And as always must be the case with true love, it was a two way street. During the early years of Makor Or, I must admit that I was primarily interested in the effect that meditation had on Jewish practice, and that effect was profound indeed; meditation seemed to open people not only to the silent core of Jewish prayer, but also to the subtle way that the Torah communicates with us — words and phrases which may have been utterly opaque to us before, suddenly leaping up out of the page at us, illuminated as if by an inner light, and then mysteriously reappearing as we went about our lives — and in the not so subtle transformation from doing to being that took place at the end of every week as they began to take the practice of Shabbat more seriously. But as the years went by, we began to notice that Judaism was also having an impact on our meditation practice. Our meditation practice was value neutral to be sure — a daily dip into the blessed pool of emptiness — but prayer and Torah Study and Shabbat were beginning to leak back into our meditation, so that we were beginning to think of the mental and spiritual states we were experiencing there in terms of Jewish liturgy and Torah.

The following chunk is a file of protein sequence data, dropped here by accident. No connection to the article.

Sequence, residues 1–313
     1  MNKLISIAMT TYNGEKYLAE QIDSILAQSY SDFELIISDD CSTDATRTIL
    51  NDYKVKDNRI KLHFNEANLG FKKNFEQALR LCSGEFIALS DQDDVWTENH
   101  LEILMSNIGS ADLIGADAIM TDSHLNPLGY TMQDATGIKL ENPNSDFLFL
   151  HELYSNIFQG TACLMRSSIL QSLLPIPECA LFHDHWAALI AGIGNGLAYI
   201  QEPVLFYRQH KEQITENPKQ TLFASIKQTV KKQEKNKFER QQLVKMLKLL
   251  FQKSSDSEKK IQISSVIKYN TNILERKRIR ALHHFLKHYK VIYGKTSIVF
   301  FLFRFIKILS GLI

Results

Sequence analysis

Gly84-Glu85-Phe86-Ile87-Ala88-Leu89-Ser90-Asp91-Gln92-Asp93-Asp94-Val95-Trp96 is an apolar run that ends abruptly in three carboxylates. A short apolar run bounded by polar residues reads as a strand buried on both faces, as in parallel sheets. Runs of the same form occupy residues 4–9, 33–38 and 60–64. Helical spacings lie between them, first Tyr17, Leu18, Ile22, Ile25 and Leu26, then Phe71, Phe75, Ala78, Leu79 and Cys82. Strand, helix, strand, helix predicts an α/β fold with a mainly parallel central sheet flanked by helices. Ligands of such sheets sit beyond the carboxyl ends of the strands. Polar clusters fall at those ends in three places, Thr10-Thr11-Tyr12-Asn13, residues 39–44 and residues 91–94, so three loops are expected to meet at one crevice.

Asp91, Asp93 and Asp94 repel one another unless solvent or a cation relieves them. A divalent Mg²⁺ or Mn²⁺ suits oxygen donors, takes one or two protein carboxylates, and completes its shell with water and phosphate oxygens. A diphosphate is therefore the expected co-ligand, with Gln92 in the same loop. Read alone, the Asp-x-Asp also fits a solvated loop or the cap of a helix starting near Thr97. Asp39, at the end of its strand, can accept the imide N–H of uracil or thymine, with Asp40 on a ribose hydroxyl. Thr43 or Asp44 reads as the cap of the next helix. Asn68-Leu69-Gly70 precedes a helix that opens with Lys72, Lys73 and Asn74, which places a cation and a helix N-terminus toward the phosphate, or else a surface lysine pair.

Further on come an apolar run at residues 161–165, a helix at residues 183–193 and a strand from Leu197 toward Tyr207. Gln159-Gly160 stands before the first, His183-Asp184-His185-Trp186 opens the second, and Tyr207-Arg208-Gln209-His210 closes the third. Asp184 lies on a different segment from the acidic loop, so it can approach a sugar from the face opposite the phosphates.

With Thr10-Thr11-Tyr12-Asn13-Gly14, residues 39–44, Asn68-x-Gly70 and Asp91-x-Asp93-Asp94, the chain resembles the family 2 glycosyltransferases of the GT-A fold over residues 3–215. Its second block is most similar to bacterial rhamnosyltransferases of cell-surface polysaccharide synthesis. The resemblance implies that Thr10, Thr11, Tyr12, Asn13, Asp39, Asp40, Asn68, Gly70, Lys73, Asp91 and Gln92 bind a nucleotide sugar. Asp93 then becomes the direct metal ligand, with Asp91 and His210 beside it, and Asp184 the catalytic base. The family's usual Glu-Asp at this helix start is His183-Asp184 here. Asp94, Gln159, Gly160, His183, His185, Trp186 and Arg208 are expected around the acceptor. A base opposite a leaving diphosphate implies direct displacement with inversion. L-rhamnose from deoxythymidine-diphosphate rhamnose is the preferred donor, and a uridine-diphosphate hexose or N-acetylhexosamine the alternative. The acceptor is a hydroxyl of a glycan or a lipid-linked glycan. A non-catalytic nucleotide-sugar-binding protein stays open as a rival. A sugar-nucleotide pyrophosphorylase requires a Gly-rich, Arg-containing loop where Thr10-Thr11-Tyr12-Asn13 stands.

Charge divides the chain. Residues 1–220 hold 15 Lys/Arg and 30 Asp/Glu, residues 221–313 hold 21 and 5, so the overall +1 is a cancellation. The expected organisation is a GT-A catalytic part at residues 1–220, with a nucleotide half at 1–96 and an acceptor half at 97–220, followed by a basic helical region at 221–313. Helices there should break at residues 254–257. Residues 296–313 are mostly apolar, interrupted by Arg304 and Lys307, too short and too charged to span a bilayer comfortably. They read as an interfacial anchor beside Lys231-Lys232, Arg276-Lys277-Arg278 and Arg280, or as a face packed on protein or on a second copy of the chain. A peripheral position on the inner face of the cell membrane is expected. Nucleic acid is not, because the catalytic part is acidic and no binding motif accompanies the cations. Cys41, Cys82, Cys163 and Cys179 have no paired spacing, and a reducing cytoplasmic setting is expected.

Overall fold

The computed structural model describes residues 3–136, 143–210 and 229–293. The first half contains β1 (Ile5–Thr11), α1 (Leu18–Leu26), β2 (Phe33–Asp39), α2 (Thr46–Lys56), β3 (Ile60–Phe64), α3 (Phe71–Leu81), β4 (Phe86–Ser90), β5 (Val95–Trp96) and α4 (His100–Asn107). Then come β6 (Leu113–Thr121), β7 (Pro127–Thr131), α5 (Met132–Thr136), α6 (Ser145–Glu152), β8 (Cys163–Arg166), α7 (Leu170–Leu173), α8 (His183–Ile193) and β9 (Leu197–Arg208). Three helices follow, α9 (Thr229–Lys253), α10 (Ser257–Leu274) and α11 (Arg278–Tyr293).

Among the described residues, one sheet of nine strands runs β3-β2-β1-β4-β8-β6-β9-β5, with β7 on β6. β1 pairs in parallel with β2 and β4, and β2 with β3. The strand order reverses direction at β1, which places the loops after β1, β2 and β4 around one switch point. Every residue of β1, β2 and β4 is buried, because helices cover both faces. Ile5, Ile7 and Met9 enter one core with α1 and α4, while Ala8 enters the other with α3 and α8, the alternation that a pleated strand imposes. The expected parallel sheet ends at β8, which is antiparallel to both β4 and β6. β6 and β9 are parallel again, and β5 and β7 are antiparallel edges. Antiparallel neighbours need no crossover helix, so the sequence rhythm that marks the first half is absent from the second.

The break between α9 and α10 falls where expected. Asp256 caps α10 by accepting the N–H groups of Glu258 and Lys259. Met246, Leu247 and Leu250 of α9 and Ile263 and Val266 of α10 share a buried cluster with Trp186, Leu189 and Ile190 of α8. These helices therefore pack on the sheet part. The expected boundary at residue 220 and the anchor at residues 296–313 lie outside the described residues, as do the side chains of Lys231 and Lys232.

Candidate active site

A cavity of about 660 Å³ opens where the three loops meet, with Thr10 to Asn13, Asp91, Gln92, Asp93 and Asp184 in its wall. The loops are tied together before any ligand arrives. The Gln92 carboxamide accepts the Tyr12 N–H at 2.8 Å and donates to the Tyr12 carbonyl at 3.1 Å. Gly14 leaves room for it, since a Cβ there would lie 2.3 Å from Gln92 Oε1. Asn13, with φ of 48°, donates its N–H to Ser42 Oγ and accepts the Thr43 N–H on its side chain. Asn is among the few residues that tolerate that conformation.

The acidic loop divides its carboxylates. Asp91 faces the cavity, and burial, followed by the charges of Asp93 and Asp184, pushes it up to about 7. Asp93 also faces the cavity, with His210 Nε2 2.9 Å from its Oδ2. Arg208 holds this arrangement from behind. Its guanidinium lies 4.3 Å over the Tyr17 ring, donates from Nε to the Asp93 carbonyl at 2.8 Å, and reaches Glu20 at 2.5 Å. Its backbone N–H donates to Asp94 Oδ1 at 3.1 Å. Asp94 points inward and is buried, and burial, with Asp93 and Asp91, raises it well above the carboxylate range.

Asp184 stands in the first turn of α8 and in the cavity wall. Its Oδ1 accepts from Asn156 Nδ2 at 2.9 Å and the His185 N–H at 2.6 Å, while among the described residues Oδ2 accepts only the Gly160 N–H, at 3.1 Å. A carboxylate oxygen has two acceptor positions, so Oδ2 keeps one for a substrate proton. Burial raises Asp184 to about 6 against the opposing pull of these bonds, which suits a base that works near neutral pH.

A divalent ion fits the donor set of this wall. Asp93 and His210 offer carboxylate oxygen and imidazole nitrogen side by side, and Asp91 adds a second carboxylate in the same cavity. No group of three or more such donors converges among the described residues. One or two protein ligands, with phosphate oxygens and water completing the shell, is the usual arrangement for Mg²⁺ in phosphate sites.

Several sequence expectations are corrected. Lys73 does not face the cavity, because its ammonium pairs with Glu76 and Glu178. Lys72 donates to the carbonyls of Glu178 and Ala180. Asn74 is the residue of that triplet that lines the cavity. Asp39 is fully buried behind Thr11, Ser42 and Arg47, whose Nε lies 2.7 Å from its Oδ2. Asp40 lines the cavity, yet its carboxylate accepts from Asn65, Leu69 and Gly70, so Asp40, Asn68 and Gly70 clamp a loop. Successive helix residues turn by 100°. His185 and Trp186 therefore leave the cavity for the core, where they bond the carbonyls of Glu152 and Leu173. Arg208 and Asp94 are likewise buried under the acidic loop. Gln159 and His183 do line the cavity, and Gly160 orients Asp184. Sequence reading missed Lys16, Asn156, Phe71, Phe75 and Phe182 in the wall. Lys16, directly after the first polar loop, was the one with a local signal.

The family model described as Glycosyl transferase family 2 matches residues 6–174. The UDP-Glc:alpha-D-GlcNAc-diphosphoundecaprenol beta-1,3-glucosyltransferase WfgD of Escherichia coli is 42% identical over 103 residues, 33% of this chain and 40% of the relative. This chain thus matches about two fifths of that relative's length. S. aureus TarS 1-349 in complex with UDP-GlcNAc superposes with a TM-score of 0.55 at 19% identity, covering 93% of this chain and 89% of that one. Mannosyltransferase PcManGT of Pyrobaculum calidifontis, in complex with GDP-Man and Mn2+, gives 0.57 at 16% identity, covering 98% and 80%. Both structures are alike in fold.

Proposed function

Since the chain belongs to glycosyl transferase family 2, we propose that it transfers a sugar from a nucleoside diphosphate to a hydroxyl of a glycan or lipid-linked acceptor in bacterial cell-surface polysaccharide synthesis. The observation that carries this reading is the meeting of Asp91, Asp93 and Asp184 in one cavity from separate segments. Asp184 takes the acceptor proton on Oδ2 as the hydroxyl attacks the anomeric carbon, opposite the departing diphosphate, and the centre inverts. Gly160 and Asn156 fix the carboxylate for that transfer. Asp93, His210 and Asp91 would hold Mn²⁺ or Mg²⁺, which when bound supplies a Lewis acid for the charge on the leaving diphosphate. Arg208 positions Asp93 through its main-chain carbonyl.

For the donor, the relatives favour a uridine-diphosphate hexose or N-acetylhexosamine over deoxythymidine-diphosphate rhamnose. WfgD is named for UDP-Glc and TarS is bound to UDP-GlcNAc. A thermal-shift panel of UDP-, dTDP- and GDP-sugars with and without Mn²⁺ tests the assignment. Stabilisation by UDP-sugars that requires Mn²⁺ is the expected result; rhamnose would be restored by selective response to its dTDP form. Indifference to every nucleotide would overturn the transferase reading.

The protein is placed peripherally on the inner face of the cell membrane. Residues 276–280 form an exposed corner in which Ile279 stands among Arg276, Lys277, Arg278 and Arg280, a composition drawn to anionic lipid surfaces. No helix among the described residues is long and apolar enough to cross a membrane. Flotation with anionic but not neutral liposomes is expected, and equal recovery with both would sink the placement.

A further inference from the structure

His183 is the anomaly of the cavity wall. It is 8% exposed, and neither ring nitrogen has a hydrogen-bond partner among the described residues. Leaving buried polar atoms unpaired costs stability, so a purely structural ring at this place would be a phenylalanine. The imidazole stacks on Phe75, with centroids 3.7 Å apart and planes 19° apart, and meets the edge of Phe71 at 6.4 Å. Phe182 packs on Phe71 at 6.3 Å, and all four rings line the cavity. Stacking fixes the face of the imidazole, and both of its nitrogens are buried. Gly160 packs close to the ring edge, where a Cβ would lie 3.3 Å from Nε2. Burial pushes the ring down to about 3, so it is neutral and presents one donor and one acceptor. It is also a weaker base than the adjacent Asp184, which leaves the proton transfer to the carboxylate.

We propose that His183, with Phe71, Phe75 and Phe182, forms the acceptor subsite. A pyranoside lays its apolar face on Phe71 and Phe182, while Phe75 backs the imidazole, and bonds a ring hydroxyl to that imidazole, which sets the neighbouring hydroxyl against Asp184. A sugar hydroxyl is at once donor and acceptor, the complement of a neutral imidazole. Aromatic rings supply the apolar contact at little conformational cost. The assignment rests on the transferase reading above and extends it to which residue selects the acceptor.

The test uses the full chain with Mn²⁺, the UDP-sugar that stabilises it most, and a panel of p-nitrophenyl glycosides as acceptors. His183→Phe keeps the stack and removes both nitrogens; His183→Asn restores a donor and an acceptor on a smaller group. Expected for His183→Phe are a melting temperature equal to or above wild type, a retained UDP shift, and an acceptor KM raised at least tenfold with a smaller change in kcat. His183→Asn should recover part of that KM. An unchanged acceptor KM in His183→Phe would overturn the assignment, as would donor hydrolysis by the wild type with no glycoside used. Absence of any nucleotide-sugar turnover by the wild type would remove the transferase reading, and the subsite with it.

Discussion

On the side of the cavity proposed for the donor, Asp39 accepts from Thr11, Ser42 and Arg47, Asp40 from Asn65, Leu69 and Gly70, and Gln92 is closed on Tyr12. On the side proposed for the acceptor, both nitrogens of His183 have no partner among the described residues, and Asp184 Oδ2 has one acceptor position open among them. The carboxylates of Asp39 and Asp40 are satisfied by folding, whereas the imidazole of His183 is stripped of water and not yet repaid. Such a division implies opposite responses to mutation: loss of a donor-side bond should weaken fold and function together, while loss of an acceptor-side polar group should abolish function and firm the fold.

And God was beginning to leak into this practice too. There are several versions of Jewish Meditation abroad in the land at the moment. There is our version; the daily, disciplined practice of the same kind of meditation we freely admit we learned from Zen Buddhism, in co-ordination with the equally disciplined practice of Jewish Spirituality. Then there is a kind of retreat oriented, Vipasana style Jewish Meditation that tends to be practiced in combination with the emerging spiritual forms of Jewish Renewal. There are also attempts afoot to recast Kabalistic and Chasidic motifs in the form of visualizations and mantras and to make them the focus of sitting meditation. But it is becoming increasingly clear to me that what all these various experiments in Jewish Meditation have in common, and what finally distinguishes them from Buddhist Meditation, is that Jewish Meditation always seems to involve God in some way; for some meditation may invoke the presence of God, for others the discovery of the limitations of self, and the nascent suspicion that there is, in fact, something beyond; for some, God comes into meditation as an unnamable and empty sense of absence, , for others as a boundlessness; for some God is the object of skepticism, anger and disbelief, for others, exaltation. The relationship between God and Jewish Meditation is entirely unclear and utterly inescapable.